Drosophila Lab                            05/02/12

Amit Singh, PhD.   
Assistant Professor, 
Department of Biology, Tissue Regeneration and Engineering at Dayton (TREND),     University of Dayton, Dayton, Ohio, 45469 USA                                                 
Tel: 937-229-2894; Fax: 937-229-2120                                                                          
Email: amit.singh@notes.udayton.edu; amitsingh60@gmail.com
 
 

 

Drosophila eye model to study axial patterning, cell survival & birth defects.

The fruit fly, Drosophila melanogaster, eye serves as an excellent model to study cell type specification during development. Drosophila eye has been extensively used to address diverse biological processes like patterning cell proliferation, cell death, cell survival, polarity and genetic basis of human diseases.  The compound eye of an adult fly develops from the primordium called eye imaginal disc harbored inside larva, which initiates from a group of 20- cells as early as an embryo (Fig. 1).

Fig.1 The compound eye of Drosophila comprising of 800 unit eyes, ommatidia, initiates from eye-antennal (E.A.) primordium present in the embryo (A), which grows into larval E.A imaginal disc (B). E.A imaginal disc give rise to adult eye (C), which comprises of dorsal (red) and     ventral (blue) compartments antenna (green) and adult head structures.  (Dorsal up and ventral down).    

Axial Patterning: Dorso-ventral patterning in Drosophila eye.

Axial patterning is hallmark of organogenesis which results in transition of a single sheet of cells into a 3-D organ. Our lab is interested in understanding the molecular genetic basis of the Dorso-ventral patterning, the first lineage restriction event of early eye primordium. DV patterning thus plays a crucial role in inducing growth and patterning of early eye disc. The dorsal and ventral domains of the eye are generated by the domain specific expression and function of the dorsal selector genes and the ventral growth controlling genes. Our results show that antagonistic interactions between dorsal and ventral genes define the dorso-ventral eye boundary or equator. Our lab will focus on identifying new components of DV patterning and their role in retinal determination of the eye.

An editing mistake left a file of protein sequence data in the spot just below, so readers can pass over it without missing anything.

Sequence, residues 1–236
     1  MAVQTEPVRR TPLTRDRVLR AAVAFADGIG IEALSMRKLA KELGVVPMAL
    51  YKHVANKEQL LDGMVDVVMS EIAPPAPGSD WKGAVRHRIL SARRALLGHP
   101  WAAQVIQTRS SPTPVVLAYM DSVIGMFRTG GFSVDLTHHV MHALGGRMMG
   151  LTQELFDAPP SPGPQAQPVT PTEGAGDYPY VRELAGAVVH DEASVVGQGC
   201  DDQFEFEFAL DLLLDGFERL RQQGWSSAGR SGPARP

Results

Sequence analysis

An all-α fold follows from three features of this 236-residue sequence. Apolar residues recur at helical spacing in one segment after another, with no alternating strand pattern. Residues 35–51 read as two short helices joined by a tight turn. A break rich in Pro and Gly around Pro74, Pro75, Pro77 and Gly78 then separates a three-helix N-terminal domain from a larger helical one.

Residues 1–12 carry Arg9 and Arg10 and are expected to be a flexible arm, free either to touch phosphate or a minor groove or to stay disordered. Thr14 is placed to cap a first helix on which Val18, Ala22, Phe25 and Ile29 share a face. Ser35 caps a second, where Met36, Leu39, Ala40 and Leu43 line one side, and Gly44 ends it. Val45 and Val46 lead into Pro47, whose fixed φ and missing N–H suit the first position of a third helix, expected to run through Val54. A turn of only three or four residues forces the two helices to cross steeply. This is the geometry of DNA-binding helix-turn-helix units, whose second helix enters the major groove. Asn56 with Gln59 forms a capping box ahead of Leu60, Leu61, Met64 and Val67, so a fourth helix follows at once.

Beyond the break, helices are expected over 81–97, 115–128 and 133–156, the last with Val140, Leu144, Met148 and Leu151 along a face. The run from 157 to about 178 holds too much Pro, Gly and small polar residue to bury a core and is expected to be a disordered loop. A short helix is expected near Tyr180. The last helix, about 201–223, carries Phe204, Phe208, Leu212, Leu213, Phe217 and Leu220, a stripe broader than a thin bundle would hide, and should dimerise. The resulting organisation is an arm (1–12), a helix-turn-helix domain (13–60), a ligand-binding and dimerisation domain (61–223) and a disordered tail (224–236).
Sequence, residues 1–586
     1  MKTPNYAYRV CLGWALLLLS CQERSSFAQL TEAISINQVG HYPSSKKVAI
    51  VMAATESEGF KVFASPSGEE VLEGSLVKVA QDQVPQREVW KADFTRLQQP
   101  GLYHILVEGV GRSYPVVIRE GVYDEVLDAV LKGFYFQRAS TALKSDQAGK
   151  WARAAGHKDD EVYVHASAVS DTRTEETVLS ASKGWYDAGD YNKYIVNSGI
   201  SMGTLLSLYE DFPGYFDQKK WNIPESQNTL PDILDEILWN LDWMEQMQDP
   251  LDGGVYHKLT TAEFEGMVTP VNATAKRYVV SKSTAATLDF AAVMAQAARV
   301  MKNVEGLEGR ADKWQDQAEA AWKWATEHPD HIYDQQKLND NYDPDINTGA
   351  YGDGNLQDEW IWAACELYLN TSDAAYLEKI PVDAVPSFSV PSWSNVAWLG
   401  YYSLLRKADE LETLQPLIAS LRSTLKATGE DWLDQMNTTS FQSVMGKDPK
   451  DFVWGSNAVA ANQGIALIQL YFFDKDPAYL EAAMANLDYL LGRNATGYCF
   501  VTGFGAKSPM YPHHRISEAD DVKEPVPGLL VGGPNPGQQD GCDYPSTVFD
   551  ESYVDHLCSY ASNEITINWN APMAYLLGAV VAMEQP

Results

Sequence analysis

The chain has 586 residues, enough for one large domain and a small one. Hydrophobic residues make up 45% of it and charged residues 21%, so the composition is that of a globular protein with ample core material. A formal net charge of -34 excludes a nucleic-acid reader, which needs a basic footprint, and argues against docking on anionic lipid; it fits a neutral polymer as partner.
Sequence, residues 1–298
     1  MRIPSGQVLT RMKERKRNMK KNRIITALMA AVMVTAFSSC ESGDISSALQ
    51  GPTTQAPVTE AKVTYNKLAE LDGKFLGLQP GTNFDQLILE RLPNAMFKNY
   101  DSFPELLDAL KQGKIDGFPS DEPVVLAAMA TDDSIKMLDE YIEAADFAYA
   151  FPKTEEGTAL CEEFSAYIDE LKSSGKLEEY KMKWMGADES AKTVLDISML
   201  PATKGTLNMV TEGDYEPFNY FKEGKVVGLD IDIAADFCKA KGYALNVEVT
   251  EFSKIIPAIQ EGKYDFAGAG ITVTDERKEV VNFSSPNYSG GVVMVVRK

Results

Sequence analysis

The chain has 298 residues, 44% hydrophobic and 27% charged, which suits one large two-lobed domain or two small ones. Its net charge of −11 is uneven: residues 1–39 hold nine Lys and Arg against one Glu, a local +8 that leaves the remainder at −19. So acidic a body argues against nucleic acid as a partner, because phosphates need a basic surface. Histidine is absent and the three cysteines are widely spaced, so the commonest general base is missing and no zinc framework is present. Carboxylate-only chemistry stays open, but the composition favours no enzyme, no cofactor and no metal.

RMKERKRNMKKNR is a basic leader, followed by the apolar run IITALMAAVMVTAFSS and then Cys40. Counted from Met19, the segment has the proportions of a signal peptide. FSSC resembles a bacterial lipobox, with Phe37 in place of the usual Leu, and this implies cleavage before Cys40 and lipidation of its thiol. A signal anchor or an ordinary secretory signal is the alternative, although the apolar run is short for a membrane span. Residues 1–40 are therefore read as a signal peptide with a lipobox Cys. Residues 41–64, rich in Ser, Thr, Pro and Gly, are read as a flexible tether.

Fig. 2. Ventral is the ground state of the early eye. Early larval eye primordium arises from an initial ventral state which require ventral gene function. Later, when dorsal genes expression emerges in the eye disc Dorsal-Ventral (DV) axis specification of the eye takes place. DV axis is the first axis defined in Drosophila eye (Singh & Choi, 2003)

Cell Survival:

Early development of an organ primordium is marked by the rapid growth phase until a threshold of cell number is attained which allow differentiation process to begin. Our interest is to identify the genes which are required for cell survival during this early rapid growth phase. We have found that DV patterning genes also play this crucial role of cell survival during early eye development. Our focus would be to understand the mechanism and to identify the downstream components of this pathway.

Birth defects:

"Birth defects are the single leading cause of infant mortality. While we've made great strides in recent years, the causes of over 70 percent of birth defects remain unknown. The collective habilitation costs for these children surpass $1 billion dollars annually, a cost that pales to insignificance when compared to the physical and psychological impact of these birth defects on the affected children and their families. Despite unprecedented strides in molecular genetics, brought about through sequencing of the human genome, the causes of greater than 60% of all birth defects remain unknown. Our laboratory seek to provide a better understanding of the molecular, genetic, and environmental basis of normal eye development, as well as elucidate the genes and molecules that when altered result in the genesis of birth defects in eye.

Fig.3. Mutations in DV eye patterning- and RD- genes like eyeless/ PAX-6 in Drosophila results in (B) No-eye, (A) Wild-type eye. (C, D) A range of birth defects like loss  of  eye  field  are seen in the newborns. Genetic basis of these birth defects in eye is far from complete.

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This site was last updated 09/16/09